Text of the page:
Malayamān

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மலையமான்
Malayaman
Official language Tamil
Family Dynasty Malayamān
House Velirs (Satyaputo) - Fraternity of Truth
Capital Tirukkoyilur (Nadu Naadu)

The Malayamān family dynasty of the Velir royal house were chiefs (Araiyars) who ruled Miladu Naadu (Tirukkoyilur) of Tamilakkam during the Sangam period and worked closely with the early Cholas of the Chola Dynasty and the Chera Dynasty. Chiefs of this dynasty readily took the title Chēdirāyan, and delighted in their rule of hill countries. This clan's most famous king was Malaiyamān Thirumudi Kāri. Their royal emblem featured a horse, depicted on their issued coins. Many castes today claim descent from Malayaman Dennis B. McGilvray in his book "Crucible of conflict" states "Malayaman is just a section/title of the udaiyar caste in south arcot today, but Burton Stein also finds the title in a thirteenth-century inscription identifying Vanniyar subcastes of south arcot in the left-right caste classification typical of the chola empire". Again Malayaman is mentioned as Vanniyar by Padmanathan in his book 'The Kingdom of Jafna'. [1][2][3]

Tirukkoyilur[edit]

Tirukkoyilur has many temples built before the 12th century. Many saintly poets visited these temples and wrote poems in praise of the gods. Thirukoyilur Sri Veerateshwarar Temple is a well-known ashtaveeratanam temple in Tamil Nadu.[citation needed]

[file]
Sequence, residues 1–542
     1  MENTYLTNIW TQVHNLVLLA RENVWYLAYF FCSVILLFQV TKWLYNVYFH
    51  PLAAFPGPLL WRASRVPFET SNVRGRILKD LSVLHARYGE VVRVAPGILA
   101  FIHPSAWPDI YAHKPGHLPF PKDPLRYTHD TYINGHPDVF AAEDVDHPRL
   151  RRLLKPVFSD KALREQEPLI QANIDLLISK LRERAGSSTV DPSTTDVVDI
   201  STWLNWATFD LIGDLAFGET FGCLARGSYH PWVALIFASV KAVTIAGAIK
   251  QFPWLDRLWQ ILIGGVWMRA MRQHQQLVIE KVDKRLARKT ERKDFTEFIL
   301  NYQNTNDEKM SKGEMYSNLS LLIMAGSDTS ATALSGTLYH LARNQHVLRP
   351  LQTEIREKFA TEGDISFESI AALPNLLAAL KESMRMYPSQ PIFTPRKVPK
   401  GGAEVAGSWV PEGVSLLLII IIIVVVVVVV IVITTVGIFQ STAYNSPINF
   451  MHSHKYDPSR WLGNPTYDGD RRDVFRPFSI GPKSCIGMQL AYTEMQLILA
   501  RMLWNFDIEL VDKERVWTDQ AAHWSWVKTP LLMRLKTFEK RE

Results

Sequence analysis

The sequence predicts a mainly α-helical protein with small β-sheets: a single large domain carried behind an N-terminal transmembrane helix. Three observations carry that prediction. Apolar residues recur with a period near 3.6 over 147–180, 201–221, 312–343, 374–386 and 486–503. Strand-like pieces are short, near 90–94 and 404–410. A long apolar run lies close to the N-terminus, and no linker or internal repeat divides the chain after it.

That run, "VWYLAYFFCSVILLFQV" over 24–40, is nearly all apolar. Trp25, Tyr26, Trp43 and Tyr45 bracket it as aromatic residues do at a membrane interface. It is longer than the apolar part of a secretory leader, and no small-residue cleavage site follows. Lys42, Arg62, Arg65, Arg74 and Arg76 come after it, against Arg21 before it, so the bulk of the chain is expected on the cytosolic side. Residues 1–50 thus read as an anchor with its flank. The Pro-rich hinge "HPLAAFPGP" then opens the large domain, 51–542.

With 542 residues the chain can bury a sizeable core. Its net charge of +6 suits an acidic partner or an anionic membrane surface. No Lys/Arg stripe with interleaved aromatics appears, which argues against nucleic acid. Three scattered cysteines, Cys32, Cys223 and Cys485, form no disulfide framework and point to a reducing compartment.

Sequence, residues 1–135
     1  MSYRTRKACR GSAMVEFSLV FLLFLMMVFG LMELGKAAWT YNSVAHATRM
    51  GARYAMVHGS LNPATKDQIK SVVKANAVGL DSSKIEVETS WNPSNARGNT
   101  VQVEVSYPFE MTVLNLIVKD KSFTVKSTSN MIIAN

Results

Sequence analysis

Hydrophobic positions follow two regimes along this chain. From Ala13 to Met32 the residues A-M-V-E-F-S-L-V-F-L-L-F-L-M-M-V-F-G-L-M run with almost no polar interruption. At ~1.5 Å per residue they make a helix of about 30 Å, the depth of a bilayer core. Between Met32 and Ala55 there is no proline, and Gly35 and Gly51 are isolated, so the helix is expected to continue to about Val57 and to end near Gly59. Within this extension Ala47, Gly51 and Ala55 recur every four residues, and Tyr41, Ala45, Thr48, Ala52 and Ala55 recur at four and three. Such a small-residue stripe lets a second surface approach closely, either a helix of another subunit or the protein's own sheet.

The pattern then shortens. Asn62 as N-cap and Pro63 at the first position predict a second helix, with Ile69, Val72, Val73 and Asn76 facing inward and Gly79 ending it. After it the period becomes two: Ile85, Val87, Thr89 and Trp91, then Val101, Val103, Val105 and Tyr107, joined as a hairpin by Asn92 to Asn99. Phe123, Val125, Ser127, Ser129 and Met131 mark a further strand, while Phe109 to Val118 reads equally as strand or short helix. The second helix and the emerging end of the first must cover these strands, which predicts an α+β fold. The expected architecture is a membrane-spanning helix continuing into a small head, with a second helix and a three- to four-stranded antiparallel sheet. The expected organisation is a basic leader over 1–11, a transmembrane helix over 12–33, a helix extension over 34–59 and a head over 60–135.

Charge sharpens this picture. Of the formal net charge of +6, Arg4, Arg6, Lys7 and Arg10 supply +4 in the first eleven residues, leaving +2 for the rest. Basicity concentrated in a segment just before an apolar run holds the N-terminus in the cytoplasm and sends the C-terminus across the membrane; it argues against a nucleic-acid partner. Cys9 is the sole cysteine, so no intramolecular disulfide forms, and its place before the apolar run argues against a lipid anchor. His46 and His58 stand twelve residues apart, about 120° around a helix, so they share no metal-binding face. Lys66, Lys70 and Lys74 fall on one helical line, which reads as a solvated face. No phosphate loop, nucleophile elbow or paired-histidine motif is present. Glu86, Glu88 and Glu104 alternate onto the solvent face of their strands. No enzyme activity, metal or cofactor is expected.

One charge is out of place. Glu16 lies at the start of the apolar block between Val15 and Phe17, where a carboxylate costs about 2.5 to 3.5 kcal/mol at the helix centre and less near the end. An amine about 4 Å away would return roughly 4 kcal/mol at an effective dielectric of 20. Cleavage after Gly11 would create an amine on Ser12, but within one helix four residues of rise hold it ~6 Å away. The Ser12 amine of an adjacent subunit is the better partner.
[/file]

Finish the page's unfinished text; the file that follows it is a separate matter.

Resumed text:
Copper-plate grant[edit]

Vanavan Mahadevi, a princess from the Malayaman clan, was the mother of the emperor Raja Raja Chola I. She committed sati at the king’s death and her image may have been installed at the Thanjavur temple by her daughter, Kundavai Pirāttiyār.[citation needed]

Malayaman coins[edit]

The Malayamans issued copper coins of quadrilateral shape which bore their royal emblem, a horse (sometimes facing left, and sometimes right). In some of the early coins, the legend "Malayaman" above the horse motif decorates the coin obverse. Most of their coins carried the symbolic map of their territory on the reverse: "A wide curved river with fishes flowing in it, and a hillock on side of the river". This depicted the territory over which they ruled. The Malayaman coins generally weighed from 2–4 g and were thin, unlike the contemporary Chera coins.[citation needed]

References[edit]

  1. ^ S. Pathmanathan. The Kingdom of Jaffna, Volume 1. 
  2. ^ McGilvray, Dennis B. (2008). Crucible of conflict: Tamil and Muslim society on the east coast of Sri Lanka. Duke University Press. 
  3. ^ Stein, Burton (1980). Peasant, state, and society in medieval South India. New Delhi : Oxford University Press. 

Further reading[edit]